Manual Mode: One Tool To Give You Control of Your Camera
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Manual Mode: One Tool To Give You Control of Your Camera
I had my “fancy” DSLR camera for well over 10 years before I learned how to flip that switch off of auto and into Manual Mode. I can’t believe I waited so long to take control and use my DSLR to its fullest potential. Don’t you do the same! Don’t get me wrong – AUTO is a great feature and there is most definitely a time and a place for it. Keep in mind, though, that once you learn how to use your camera in manual mode, you will have the option to choose auto when it makes sense and not just because you don’t know any other way.
When you study the dial on top of your camera, you can see there are several modes in which you can shoot. Here we are going to learn how to change that dial from “A” for Auto to “M” for Manual Mode!
“Skill in Photography is Acquired by Practice and NOT by Purchase!”Percy W. Harris
The Manual Mode Exposure Triangle
The perfect exposure for a photo is made up of a balance of three camera controls, Shutter Speed, Aperture, and ISO. Don’t worry if you don’t get it right immediately. You will likely need plenty of practice to get these three settings in balance for just the look you are after. But before you can practice, you’ll need to know where to begin.
One third of the triangle is Shutter Speed
Here’s a couple of facts about shutter speed to get us started:
- Shutter speed refers to how long the shutter inside the camera will open up and stay open to let light in.
- The faster the action, the faster you need to set your shutter speed if you want to freeze that action. You can read some more detailed info on freezing motion in Capturing the Pour – Using Shutter Speed to Freeze Action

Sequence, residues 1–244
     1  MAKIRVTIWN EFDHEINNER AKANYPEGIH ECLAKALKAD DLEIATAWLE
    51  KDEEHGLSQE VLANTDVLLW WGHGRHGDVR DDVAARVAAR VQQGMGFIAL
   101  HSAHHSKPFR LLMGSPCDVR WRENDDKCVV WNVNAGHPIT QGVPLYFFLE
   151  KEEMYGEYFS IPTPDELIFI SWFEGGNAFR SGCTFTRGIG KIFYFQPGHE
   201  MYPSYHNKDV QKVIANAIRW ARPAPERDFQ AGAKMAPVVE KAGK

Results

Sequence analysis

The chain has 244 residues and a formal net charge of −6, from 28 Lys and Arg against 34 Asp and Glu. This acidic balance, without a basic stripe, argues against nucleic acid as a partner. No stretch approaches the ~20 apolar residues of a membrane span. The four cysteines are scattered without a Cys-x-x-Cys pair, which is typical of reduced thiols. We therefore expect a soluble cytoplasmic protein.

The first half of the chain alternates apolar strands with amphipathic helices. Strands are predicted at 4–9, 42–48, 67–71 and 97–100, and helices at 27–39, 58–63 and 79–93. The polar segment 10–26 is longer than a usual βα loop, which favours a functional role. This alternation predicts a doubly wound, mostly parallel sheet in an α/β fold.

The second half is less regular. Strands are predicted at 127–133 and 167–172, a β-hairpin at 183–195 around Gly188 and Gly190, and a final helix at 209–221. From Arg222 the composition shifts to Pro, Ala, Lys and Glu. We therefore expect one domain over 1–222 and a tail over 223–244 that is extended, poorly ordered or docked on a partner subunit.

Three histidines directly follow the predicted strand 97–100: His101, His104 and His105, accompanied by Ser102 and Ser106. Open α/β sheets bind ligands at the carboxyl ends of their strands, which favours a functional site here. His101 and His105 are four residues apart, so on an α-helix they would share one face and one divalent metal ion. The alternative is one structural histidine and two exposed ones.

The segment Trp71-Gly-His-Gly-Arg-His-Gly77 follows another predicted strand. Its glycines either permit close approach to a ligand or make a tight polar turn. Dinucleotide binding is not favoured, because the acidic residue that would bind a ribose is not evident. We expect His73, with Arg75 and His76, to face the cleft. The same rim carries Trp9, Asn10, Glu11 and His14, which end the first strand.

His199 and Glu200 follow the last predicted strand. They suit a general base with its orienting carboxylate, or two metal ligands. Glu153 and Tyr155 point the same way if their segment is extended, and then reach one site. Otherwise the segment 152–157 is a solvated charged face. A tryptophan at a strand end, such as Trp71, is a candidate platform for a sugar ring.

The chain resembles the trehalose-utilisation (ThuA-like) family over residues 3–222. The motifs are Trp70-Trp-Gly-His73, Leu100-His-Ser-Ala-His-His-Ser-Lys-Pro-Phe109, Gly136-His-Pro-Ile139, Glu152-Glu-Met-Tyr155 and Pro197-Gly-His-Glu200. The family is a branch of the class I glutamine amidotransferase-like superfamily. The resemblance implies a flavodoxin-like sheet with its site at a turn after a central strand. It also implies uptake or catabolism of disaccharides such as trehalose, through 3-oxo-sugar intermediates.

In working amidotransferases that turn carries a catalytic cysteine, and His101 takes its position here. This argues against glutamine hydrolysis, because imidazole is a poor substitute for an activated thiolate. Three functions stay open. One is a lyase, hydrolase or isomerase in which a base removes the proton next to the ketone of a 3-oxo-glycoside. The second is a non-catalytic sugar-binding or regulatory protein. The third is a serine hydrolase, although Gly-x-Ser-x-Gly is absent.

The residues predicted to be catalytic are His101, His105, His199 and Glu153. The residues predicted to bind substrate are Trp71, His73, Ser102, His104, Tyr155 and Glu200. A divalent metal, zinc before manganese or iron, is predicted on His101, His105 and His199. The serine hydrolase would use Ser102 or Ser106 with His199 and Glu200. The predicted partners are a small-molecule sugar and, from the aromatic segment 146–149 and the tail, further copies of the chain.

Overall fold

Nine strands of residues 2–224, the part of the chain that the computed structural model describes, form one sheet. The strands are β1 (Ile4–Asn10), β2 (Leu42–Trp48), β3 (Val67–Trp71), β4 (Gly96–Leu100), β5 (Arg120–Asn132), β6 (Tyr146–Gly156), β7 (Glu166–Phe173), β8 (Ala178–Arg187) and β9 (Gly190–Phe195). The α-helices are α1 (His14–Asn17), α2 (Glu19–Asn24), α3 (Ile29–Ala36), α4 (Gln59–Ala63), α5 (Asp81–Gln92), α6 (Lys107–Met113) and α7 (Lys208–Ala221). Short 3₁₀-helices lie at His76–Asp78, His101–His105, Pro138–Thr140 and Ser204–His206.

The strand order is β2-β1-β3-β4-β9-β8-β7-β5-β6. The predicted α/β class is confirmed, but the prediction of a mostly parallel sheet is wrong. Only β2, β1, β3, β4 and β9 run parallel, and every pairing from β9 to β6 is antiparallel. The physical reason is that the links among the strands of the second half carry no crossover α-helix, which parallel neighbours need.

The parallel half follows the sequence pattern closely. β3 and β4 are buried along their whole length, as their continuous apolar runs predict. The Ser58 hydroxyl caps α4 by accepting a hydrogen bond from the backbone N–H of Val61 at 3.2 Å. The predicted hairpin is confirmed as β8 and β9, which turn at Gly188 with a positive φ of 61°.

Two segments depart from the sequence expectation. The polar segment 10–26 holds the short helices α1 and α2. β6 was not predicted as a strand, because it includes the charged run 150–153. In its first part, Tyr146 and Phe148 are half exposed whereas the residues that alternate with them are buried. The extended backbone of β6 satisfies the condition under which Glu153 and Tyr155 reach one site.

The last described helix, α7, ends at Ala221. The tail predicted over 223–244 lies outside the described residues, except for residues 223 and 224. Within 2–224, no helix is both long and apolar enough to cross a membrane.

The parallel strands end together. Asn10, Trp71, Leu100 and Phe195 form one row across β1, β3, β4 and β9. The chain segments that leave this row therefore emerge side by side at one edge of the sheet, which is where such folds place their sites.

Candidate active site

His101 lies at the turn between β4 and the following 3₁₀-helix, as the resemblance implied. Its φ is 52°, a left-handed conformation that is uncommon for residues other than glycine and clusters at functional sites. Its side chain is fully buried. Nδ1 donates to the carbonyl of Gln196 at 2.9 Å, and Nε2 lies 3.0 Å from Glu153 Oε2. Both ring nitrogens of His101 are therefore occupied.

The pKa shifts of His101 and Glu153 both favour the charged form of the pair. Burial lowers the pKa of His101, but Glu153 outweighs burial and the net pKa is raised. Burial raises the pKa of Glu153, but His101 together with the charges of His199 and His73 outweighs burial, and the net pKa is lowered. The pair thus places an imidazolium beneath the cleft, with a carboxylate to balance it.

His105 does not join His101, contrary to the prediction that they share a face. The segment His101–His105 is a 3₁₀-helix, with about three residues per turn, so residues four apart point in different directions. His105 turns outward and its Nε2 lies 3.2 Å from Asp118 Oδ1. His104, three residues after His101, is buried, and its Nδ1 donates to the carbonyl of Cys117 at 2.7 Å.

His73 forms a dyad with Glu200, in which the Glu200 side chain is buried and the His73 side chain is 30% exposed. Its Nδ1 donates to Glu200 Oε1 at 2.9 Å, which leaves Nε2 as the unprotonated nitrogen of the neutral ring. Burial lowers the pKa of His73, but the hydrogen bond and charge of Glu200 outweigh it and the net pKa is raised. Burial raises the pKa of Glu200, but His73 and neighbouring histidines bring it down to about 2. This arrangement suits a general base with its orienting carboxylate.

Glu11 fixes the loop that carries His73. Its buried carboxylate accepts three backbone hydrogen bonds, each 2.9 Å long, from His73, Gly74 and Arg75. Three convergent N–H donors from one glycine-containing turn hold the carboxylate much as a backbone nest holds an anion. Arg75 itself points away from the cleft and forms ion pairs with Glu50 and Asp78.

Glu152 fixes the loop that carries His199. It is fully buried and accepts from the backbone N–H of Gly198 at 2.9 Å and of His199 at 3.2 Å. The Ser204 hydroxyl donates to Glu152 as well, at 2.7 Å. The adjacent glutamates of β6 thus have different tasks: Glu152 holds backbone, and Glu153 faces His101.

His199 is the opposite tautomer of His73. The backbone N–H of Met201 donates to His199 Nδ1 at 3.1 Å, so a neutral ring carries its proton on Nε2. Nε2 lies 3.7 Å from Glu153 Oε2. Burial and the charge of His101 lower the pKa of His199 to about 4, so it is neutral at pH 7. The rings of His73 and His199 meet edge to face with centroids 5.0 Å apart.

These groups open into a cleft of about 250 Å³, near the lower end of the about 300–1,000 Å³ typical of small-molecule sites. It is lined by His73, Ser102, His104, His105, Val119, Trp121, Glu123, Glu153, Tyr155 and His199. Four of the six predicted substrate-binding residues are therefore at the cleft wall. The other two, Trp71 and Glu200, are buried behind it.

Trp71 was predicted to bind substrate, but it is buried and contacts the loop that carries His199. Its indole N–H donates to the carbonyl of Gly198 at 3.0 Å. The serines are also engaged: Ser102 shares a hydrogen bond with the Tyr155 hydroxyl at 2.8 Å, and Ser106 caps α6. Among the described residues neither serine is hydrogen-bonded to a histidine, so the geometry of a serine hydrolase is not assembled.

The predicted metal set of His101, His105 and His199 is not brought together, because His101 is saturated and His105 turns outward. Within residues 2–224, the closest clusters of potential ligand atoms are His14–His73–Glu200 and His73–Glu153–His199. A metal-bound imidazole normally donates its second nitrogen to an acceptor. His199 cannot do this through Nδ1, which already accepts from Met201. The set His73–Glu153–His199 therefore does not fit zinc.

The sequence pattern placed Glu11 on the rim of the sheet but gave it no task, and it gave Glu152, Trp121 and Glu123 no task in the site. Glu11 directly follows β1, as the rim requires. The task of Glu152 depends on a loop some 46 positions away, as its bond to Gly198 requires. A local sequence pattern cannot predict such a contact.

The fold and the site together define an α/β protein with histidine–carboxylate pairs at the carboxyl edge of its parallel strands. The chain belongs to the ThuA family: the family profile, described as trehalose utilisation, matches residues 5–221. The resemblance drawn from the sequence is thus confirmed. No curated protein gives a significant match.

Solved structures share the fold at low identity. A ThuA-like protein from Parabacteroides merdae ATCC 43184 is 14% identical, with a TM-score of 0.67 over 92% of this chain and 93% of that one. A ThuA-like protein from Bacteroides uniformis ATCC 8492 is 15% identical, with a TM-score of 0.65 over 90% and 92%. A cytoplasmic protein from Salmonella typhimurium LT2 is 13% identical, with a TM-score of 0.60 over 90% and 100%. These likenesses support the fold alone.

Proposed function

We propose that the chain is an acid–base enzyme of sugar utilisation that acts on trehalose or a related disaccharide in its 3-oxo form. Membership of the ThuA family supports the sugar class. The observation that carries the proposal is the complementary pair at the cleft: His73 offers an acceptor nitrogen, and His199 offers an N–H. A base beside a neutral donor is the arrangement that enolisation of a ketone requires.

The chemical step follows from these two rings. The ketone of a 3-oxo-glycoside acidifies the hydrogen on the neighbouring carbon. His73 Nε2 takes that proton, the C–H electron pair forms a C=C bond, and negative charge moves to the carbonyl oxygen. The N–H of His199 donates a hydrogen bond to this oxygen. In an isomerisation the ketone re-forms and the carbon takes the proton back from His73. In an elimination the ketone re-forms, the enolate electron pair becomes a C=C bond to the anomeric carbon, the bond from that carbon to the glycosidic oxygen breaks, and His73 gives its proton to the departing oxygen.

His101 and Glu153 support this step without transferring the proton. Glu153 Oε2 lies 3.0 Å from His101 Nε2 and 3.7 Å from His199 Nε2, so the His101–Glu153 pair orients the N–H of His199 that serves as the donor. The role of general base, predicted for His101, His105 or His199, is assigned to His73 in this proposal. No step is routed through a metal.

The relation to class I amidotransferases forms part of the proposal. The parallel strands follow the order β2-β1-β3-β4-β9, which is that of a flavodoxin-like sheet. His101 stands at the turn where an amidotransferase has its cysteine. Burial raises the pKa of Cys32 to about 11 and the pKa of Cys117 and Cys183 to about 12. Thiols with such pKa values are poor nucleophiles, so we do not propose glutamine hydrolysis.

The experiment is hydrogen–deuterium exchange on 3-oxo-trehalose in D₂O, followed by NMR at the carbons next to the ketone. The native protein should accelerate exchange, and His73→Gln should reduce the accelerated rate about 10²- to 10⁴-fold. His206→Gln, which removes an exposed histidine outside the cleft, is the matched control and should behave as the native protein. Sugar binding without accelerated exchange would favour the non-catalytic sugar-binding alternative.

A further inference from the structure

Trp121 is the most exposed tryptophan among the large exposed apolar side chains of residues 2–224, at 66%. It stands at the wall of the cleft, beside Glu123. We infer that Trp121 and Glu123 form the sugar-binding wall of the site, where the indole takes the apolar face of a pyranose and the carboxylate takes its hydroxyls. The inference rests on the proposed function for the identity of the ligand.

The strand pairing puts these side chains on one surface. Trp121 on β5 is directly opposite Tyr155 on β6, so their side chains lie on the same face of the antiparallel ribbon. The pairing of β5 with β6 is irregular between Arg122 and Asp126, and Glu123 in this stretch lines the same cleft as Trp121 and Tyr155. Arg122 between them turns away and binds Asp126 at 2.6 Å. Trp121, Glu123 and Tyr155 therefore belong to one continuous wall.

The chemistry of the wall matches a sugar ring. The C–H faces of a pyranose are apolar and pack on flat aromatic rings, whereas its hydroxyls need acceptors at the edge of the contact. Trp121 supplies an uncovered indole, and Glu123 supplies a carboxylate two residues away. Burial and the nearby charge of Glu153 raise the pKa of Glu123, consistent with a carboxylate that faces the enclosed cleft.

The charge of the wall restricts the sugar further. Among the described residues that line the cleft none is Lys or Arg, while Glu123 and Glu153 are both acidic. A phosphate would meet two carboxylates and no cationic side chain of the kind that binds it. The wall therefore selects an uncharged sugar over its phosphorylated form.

- The shutter needs to be open for the correct amount of time to get the desired amount of freeze or motion blur in your photo.
Next, let’s move on to Aperture
Here are a couple of facts about aperture to keep in mind:
- Aperture refers to how far the shutter will open up to let light in.
- The smaller the number, the more light gets let into the camera.
- A larger aperture (smaller #) has a narrower slice of focus and will allow a blurry background (known as Bokeh) that gives separation from your sharp subject.
And finally, let’s look at ISO
ISO stands for International Standards Organization (this little nugget of detail doesn’t matter so much, but I knew you’d ask, so there ya go! If you’re really interested, CLICK HERE to learn more.
Basically, ISO measures the level of sensitivity your camera has to the light that enters through the shutter. The higher the number, the more sensitive the sensor becomes. This sounds wonderful for lower light situations, and it can be, as long as you remember there’s a trade-off. The higher you set your ISO, the more grain you will get in your photos. If that’s the look you are going for, then great! But if you want to steer away from grain, then it’s important to keep ISO as low as possible.
Manual Mode – Putting it all Together!